TORONTO - Bitcoin users will now have six new spots to buy their virtual currency.
CAVIRTEX — the Ottawa company that bills itself as the largest Bitcoin exchange and service provider — launched its fleet of six Bitcoin automated teller machines (BTMs) Wednesday outside of Gateway Newstands locations in Toronto and Mississauga in a response to what it calls a rising interest in cutting out the middlemen of banks.
“It’s an alternative,” said Kyle Kemper, vice-president of development at CAVIRTEX. “For the first time in history, we have the opportunity to choose a new kind of currency to use — it’s instant, no middlemen, low fees, limited in supply and governed by the rules of code. Bankers have let us down time and time again, code won’t let you down.”
Bitcoin is a decentralized peer-to-peer transaction network that allows users to instantly and directly transfer money to anyone over the Internet with zero or minimal fees.
It’s also a digital currency or electronic cash used on the Bitcoin network and allows users to move money without relying on banks or the government.
“To understand what exactly Bitcoin is takes a while,” Kemper said. “A lot of people don’t understand what money is, though.”
The six BTMs are at St. Clair Ave. and Yonge St., the Greyhound station at Bay and Dundas Sts., Brookfield Place, Yorkdale Mall, Scarborough Town Centre and Square One Shopping Centre in Mississauga.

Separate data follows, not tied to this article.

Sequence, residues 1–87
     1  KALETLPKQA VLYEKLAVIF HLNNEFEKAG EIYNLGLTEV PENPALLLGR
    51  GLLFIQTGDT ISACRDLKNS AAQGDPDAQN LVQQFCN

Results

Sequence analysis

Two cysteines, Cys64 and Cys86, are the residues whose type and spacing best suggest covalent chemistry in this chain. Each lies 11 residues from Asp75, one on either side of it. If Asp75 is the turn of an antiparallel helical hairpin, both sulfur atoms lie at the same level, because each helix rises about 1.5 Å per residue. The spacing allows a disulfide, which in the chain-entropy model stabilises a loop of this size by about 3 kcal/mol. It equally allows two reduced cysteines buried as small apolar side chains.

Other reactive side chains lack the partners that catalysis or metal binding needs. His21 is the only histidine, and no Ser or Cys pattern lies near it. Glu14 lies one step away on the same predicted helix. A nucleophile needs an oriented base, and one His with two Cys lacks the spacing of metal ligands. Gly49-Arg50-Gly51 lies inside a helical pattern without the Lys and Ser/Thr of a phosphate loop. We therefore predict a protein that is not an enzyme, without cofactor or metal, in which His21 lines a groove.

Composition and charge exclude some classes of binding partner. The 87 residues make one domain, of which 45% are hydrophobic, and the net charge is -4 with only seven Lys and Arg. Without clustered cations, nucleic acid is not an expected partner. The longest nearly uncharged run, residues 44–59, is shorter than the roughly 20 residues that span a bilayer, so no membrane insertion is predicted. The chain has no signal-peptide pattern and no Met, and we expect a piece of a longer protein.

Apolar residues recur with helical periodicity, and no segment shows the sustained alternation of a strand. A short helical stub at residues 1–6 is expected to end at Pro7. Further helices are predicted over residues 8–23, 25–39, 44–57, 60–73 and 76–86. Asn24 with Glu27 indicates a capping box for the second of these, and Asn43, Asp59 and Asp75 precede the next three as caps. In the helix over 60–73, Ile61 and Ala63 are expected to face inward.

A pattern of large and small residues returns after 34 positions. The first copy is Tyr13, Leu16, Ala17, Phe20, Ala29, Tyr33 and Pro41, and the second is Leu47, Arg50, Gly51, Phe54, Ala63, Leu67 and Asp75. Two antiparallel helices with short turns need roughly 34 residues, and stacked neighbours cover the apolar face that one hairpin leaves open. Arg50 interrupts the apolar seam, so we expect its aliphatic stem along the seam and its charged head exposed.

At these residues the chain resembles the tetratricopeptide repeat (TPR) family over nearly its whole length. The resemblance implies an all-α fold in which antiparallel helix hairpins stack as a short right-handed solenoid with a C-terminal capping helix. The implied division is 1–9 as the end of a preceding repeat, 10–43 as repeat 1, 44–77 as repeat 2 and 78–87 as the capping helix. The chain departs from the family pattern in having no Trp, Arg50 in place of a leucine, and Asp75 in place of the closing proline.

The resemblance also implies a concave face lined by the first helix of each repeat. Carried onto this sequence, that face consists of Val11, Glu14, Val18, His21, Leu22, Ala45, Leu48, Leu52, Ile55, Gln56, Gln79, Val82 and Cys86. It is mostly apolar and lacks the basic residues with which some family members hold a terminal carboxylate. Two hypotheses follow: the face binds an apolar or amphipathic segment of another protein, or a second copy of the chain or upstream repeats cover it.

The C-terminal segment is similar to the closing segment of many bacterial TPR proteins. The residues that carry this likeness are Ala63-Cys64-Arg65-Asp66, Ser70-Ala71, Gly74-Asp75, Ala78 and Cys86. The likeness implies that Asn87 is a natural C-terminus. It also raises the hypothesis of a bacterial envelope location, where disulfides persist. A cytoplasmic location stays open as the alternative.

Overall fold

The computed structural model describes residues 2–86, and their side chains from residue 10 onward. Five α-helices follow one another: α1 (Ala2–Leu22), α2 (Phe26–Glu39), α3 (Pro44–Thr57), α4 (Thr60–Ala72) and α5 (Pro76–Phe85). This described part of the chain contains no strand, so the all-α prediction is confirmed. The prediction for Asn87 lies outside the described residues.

There are four others, including in Ottawa, Niagara Falls, Calgary and Vancouver.
To use the machine, you enter your cellphone number, then the code that was texted to your phone. You then select whether you want to buy or sell Bitcoin. The machine will offer to print a paper wallet. From there, you scan the QR code and then insert your cash. The cash will then appear in your account.
The first Bitcoin BTM opened in January at Bitcoin Decentral at 64 Spadina Ave.
There is, however, a finite amount of Bitcoin in the world — $13 million worth at this time.
Selling is not yet enabled on the CAVIRTEX’s machines, but will be in the near future, Kemper said.
The daily exchange limit is $3,000 for buying and selling, and users are charged a variable convenience fee — between 5% to 10%, but online is 0.75% for exchange.
“These machines are capable of additional verification,” Kemper said. “In order to buy above the $3,000 limit, it’s a feature we haven’t turned on yet, but they are capable of scanning IDs and matching it to the user using facial recognition.”
Kemper added Bitcoin is legal and safe to use and the notion that Bitcoin is not regulated is “fairly false because Bitcoin itself is regulated by its code and the Bitcoin exchange, as we take in a lot of Canadian dollars, we have to follow a lot of rules.”
Gateway Newstands’ vice-president of marketing, Noah Aychental, said while Bitcoin is not yet an accepted method of payment in its stores, allowing the BTMs outside their locations is a move “to try to be innovative.”
In Canada, there are approximately 40 BTMs for Bitcoins managed by CAVIRTEX and other similar companies.
“(The Bitcoin movement) started in Vancouver, but Toronto being the financial centre, I think is just a natural fit,” Kemper explained. “Canada was the first to use chip cards, Interac and now we seem to be the fastest adopter of Bitcoin.”